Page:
Defining innovation – part 1: why the definitions of innovation that you know might be flawed

We need to think beyond commercialisation and wealth creation to embrace concepts such as utility and wellbeing. But do we require so much complexity to define innovation? Dave Richards Investigates

Many organisations are talking about innovation, without any real clarity or common definition, leading some people to conclude that innovation is just a buzzword that we should stop trying to have serious conversations about.

But that naïve conclusion misses a vital truth. Deeply understanding what innovation is all about enables global industry leaders to establish and maintain superior performance, competitive advantage, and winning strategies for long-term value creation.

Members of the MIT Innovation Lab (which I cofounded in 1993 and codirected until 1996) clearly demonstrate this understanding in everything they do.

3M is a great example – a company with a mission of innovation, an unparalleled infrastructure of technology platforms upon which to build new solutions, and a consistent track record of delivering superior customer value, which of course translates into value for other stakeholders. Some people might choose to ignore conversations about innovation – and do so at their peril. Phrases such as ‘innovate or die’ come to mind.

Do you know the ‘official’ definition of innovation, mainly used (not very well) by governments to measure and monitor national and regional levels of innovation?

The Organisation for Economic Cooperation and Development wined and dined hundreds of academics and civil servants in one of the world’s most expensive cities, Oslo, for weeks to come up with it. The resulting ‘Oslo Manual’ definition of innovation is ‘a firm connecting something new to a marketplace’. This definition is fatally flawed for three reasons:

1 Only ‘firms’ can innovate, such that innovation within public or ‘third’ (charitable) sectors is (by definition) impossible – which hopefully we all agree would be a bad thing.

2 Anything ‘new’ to a marketplace is viewed as innovative. But should we really accept that anything ‘new’ is ‘innovation’? What about a new strain of flu, accidentally unleashed by a company trying to create a vaccine? What about the Edsel – a very new car design introduced by Ford in 1958 – a spectacular market flop? And what about RentMyChest.com, or InmatesForYou.com? Come on now!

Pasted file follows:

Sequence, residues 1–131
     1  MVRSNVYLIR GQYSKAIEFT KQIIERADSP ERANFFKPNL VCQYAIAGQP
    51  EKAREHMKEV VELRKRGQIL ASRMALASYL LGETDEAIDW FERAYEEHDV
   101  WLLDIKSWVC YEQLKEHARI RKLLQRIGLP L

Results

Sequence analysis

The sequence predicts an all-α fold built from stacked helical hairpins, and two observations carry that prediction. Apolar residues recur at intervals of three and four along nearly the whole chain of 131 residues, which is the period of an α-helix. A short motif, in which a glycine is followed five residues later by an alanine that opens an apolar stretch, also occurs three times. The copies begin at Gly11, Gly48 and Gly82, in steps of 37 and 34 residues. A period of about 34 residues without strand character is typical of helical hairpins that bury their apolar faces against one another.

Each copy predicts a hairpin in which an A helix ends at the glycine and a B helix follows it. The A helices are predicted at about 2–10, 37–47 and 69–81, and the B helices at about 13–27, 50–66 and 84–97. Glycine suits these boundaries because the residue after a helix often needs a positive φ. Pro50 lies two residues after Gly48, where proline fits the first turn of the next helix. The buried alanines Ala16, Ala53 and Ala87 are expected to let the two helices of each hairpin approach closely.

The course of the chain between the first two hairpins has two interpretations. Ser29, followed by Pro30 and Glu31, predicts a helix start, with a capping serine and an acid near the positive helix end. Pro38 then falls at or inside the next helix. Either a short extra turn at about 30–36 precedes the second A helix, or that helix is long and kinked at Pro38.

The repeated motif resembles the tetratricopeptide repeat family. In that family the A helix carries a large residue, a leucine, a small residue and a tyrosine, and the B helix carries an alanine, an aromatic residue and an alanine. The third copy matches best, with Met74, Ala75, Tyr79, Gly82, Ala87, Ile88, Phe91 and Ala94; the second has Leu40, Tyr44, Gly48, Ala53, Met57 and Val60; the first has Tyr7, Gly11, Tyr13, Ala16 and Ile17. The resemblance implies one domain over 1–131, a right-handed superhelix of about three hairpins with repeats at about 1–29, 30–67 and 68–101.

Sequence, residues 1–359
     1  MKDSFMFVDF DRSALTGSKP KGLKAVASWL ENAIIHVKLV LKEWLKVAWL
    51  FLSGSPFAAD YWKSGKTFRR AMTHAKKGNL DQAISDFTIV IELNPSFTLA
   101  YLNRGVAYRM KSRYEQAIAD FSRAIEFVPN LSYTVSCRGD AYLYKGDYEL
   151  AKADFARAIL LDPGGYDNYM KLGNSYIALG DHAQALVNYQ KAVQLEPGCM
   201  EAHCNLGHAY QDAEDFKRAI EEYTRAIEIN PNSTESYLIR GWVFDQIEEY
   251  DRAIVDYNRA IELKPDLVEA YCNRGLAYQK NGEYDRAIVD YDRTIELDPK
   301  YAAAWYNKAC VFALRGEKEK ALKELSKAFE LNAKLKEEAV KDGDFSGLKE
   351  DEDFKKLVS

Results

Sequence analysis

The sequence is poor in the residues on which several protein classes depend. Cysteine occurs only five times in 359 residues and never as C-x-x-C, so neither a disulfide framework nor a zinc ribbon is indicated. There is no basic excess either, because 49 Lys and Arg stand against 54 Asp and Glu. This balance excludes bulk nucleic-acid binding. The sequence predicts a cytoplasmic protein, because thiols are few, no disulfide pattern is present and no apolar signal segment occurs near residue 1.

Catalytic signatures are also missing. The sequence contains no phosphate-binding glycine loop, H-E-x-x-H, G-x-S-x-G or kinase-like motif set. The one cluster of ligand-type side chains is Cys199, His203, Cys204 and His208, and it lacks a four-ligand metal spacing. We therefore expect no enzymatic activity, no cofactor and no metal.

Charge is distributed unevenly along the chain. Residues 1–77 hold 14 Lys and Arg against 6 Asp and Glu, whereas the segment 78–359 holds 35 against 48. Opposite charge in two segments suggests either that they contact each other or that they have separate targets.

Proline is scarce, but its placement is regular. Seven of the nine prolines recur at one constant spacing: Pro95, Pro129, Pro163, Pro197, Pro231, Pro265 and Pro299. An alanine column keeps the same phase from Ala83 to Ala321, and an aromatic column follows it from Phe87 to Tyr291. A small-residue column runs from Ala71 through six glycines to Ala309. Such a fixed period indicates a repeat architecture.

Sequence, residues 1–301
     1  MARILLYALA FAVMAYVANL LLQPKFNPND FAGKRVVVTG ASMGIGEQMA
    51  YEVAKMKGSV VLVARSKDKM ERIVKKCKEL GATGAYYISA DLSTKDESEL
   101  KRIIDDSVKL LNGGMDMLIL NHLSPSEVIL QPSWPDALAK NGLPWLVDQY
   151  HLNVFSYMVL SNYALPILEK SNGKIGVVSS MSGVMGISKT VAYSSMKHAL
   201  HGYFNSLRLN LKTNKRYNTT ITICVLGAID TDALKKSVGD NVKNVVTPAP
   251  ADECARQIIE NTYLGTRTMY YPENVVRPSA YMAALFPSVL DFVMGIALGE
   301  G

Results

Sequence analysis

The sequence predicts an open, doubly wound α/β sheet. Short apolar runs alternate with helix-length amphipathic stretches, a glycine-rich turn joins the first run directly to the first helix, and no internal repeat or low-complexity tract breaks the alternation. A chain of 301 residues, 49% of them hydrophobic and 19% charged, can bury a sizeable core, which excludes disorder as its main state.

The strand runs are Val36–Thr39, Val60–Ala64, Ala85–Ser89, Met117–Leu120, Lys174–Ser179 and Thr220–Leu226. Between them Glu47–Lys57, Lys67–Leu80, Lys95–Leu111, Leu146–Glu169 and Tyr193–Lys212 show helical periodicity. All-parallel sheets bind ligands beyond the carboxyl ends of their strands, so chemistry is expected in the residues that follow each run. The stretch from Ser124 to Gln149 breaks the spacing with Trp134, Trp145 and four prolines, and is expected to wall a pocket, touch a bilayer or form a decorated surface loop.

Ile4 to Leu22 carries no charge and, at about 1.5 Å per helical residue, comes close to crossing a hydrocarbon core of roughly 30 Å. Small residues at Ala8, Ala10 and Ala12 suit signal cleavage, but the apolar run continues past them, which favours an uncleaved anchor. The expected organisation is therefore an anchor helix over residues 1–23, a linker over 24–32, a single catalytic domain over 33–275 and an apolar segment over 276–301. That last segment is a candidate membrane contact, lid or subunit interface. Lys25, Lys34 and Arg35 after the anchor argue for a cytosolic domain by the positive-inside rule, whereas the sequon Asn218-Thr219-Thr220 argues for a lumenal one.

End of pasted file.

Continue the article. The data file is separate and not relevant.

3 Again, because only ‘firms’ can be the authors of innovation, users are precluded from driving or contributing to innovation, even though a considerable body of research (see von Hippel, at MIT) shows that users are often the first to come up with ideas for innovation, and that they frequently modify the products provided by firms to make them more useful and fit for purpose (e.g., surgeons modifying surgical instruments).

Luckily for us, there are many far cleverer definitions of innovation offered by various experts, none of which resulted from expensive boondoggles at taxpayer expense:

  • ‘Innovation is the specific instrument of entrepreneurship. It is the act that endows resources with a new capacity to create wealth’ (Drucker, 1985).
  • ‘Innovation = Invention + Exploitation’ (Roberts, 1987).
  • ‘The starting point for innovation is the generation of creative ideas. Innovation is the process of taking those ideas to market or to usefulness’ (Ijuri and Kuhn, 1988).
  • ‘New ideas – plus action and implementation – which result in an improvement, a gain or a profit’ (3M’s definition, according to Kelley and Littman, 2006).
  • ‘People creating value through the implementation of ideas’ (attributed to the Innovation Network, by Kelley and Littman, 2006).
  • ‘New products, business processes, and organic changes that create wealth or social welfare’ (attributed to the OECD, by Vaitheeswaran, 2007).
  • ‘Fresh thinking that creates value’ (Lyons, of Goldman Sachs, attributed by Vaitheeswaran, 2007).
  • ‘Innovation is new stuff that is made useful’ (McKeown, 2008).
  • ‘Innovation is the conversion of knowledge and ideas into a benefit, which may be for commercial use or for the public good; the benefit may be new or improved products, processes or services’ (attributed to Smallwood by Waschke, 2011).
  • ‘Note the difference between invention and innovation: invention is the creation of a new idea or concept – innovation is taking that idea, reducing it to practice, and making it a commercial success’ (THECIS, 2014).
  • ‘Executing an idea which addresses a specific challenge and achieves value for both the company and customer’ (Skillicorn, 2016).
  • ‘Something new or different that delivers value to the world, with the key criteria that I’m not innovating if I’m not bettering people’s lives’ (Barba, 2019).

Is innovation the successful commercialisation of ideas?

That’s a measure of innovation success for commercial enterprises. But again, what about non-commercial enterprises, and what about users adapting products to better meet their needs, perhaps without commercial motivations?

Clearly, we need to think beyond commercialisation and wealth creation to embrace concepts such as utility and wellbeing. But do we require so much complexity to define innovation?

Isn’t there a single concept that embraces commercialisation, commercial success, wealth, utility, adoption and wellbeing?

Look out for part two of this series, next week, to find out.

Dave Richards is Co-Founder of the MIT Innovation Lab, and a highly acclaimed author, speaker and consultant on strategic innovation leadership. He is the author of The Seven Sins of Innovation: A Strategic Model for Entrepreneurship  and holds a PhD in mathematical psychology and neuroscience from the University of Toronto.

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